Remote Alaska Volcano Resumes Dome Growth
Mount Cleveland, a volcano sitting on the western half of Chuginidak Island 115 miles west of Dutch Harbor and 950 miles southwest of Anchorage, is reported to be on watch status with an aviation color code of orange, according to the Alaska Volcano Observatory (AVO).
Anchorage Daily News reported in July that a lava dome was forming in the crater of the volcano and reached a width of 140 feet in diameter. But on August 30, it appeared that the lava dome had reached a maximum width of 262 feet in diameter. Now the dome is said to be 394 feet in diameter, according to Alaska Native News.
The report notes that if the dome continues to grow, then lava flows may form on the flanks of the volcano, but would not be hazardous to aviation. But there is a possibility that an explosive eruption may occur and throw ash into the atmosphere as high as 20,000 feet above sea level, interrupting aviation routes without warning.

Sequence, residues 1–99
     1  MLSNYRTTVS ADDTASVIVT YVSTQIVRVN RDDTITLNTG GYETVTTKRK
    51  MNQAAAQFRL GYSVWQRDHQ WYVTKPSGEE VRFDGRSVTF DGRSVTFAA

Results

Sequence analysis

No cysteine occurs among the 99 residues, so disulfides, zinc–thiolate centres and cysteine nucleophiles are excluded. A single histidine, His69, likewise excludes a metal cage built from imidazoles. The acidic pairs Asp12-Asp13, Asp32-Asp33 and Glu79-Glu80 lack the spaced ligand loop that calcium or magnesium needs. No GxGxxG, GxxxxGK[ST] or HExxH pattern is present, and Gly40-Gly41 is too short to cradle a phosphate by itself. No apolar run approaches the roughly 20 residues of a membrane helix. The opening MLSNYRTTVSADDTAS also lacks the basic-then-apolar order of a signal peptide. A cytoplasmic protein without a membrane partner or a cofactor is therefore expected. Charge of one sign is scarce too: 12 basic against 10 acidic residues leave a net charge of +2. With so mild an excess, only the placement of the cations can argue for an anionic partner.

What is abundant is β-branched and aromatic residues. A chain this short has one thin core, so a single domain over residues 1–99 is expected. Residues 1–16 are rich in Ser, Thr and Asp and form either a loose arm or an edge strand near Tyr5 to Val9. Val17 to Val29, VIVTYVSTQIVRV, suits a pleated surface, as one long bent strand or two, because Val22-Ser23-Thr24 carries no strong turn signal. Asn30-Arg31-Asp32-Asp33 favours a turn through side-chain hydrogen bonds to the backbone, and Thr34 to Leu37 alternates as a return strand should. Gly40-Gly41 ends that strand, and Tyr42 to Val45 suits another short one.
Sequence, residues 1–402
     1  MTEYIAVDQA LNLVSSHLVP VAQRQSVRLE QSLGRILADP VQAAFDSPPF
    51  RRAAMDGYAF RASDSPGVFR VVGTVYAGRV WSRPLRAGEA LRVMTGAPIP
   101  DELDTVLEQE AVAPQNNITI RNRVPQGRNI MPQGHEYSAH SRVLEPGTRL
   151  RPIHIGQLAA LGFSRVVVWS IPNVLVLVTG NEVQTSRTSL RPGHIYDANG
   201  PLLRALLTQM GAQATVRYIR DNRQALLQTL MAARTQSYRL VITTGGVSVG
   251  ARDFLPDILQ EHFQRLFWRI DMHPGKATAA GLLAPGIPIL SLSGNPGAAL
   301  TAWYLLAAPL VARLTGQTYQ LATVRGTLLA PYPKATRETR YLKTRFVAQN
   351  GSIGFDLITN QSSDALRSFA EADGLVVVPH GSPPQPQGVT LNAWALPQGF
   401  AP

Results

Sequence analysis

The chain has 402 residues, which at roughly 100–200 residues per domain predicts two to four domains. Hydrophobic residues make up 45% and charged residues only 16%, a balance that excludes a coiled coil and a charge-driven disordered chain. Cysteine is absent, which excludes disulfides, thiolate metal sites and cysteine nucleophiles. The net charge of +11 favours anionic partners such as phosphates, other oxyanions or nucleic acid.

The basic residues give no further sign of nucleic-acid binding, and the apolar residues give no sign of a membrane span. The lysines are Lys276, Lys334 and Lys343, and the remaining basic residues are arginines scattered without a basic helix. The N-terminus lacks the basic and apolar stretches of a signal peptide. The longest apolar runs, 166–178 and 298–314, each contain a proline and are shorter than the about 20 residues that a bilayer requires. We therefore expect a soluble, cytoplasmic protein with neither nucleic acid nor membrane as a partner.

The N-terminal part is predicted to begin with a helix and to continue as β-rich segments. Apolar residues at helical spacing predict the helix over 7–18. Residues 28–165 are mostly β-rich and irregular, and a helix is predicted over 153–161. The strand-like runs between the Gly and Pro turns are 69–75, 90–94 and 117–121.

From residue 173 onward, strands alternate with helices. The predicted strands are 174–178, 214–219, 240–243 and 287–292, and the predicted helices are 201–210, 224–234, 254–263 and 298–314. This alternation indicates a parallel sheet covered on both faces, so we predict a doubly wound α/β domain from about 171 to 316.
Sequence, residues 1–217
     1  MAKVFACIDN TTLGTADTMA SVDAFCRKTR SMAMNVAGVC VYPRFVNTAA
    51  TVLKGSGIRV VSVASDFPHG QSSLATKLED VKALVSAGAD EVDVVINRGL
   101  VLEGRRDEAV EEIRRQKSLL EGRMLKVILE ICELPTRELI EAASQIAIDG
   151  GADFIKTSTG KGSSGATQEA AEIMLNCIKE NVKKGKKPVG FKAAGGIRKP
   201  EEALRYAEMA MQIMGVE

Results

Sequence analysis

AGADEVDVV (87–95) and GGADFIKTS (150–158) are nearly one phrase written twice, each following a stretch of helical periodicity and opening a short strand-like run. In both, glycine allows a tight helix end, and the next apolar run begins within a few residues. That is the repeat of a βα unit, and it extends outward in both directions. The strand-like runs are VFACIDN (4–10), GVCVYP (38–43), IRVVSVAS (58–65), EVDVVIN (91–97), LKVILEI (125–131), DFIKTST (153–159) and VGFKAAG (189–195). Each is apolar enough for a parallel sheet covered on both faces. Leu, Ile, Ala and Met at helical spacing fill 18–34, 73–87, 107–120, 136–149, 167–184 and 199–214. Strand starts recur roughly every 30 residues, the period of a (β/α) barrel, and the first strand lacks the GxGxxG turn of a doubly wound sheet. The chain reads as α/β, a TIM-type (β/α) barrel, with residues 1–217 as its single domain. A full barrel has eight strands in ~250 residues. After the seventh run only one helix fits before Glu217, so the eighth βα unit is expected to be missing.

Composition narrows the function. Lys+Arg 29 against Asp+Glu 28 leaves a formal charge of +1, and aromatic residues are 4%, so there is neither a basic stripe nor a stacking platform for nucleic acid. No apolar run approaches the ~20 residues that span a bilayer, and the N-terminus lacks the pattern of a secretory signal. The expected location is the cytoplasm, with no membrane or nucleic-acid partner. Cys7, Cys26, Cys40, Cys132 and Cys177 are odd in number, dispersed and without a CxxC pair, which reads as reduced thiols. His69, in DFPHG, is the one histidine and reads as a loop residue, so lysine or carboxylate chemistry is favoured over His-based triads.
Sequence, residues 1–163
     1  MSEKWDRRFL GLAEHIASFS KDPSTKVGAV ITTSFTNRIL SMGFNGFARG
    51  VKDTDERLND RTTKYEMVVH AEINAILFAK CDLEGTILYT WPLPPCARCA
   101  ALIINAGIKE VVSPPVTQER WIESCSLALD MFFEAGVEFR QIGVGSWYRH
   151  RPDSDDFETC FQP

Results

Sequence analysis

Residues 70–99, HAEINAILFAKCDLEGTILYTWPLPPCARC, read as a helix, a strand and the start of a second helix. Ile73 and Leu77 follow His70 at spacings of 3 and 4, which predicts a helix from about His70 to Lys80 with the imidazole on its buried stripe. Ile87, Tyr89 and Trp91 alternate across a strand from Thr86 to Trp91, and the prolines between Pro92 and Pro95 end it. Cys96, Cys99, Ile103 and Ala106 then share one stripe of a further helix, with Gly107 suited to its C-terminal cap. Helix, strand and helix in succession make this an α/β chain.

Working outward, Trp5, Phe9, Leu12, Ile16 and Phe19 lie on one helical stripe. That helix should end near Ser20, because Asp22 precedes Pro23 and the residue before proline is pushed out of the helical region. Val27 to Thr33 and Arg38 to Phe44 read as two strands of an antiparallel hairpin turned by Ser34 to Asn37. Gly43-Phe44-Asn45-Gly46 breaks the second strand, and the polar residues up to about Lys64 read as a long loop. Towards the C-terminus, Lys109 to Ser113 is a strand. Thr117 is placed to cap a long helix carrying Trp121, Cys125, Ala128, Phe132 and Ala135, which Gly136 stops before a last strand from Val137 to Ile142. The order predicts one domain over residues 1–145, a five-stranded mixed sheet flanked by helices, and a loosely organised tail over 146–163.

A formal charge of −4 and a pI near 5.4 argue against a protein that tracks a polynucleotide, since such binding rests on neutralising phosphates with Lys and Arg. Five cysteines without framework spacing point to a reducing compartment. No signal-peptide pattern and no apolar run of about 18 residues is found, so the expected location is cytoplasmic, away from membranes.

Observers note that it is difficult to watch this particular volcano. According to the AVO there is no real-time seismic network on the mountain, so they are unable to track local earthquake activity related to volcano unrest, provide forecasts of eruptive activity, or confirm explosive, ash producing events.
AVO relies on visual observations from satellite images, but the peak is often obscured by clouds.
Image Caption: Aerial photograph of Cleveland Volcano on August 8, 2008 during the time a small lava flow or dome was accumulating in the summit crater. In this image, taken by Kym Yano, National Oceanic and Atmospheric Administration, the 200 m (~660 ft) wide summit crater emits a white, largely steam condensate cloud. The steep upper flanks of the volcano are covered with barren, fragmental material from past explosions at Cleveland. Credit: Kym Yano, NOAA
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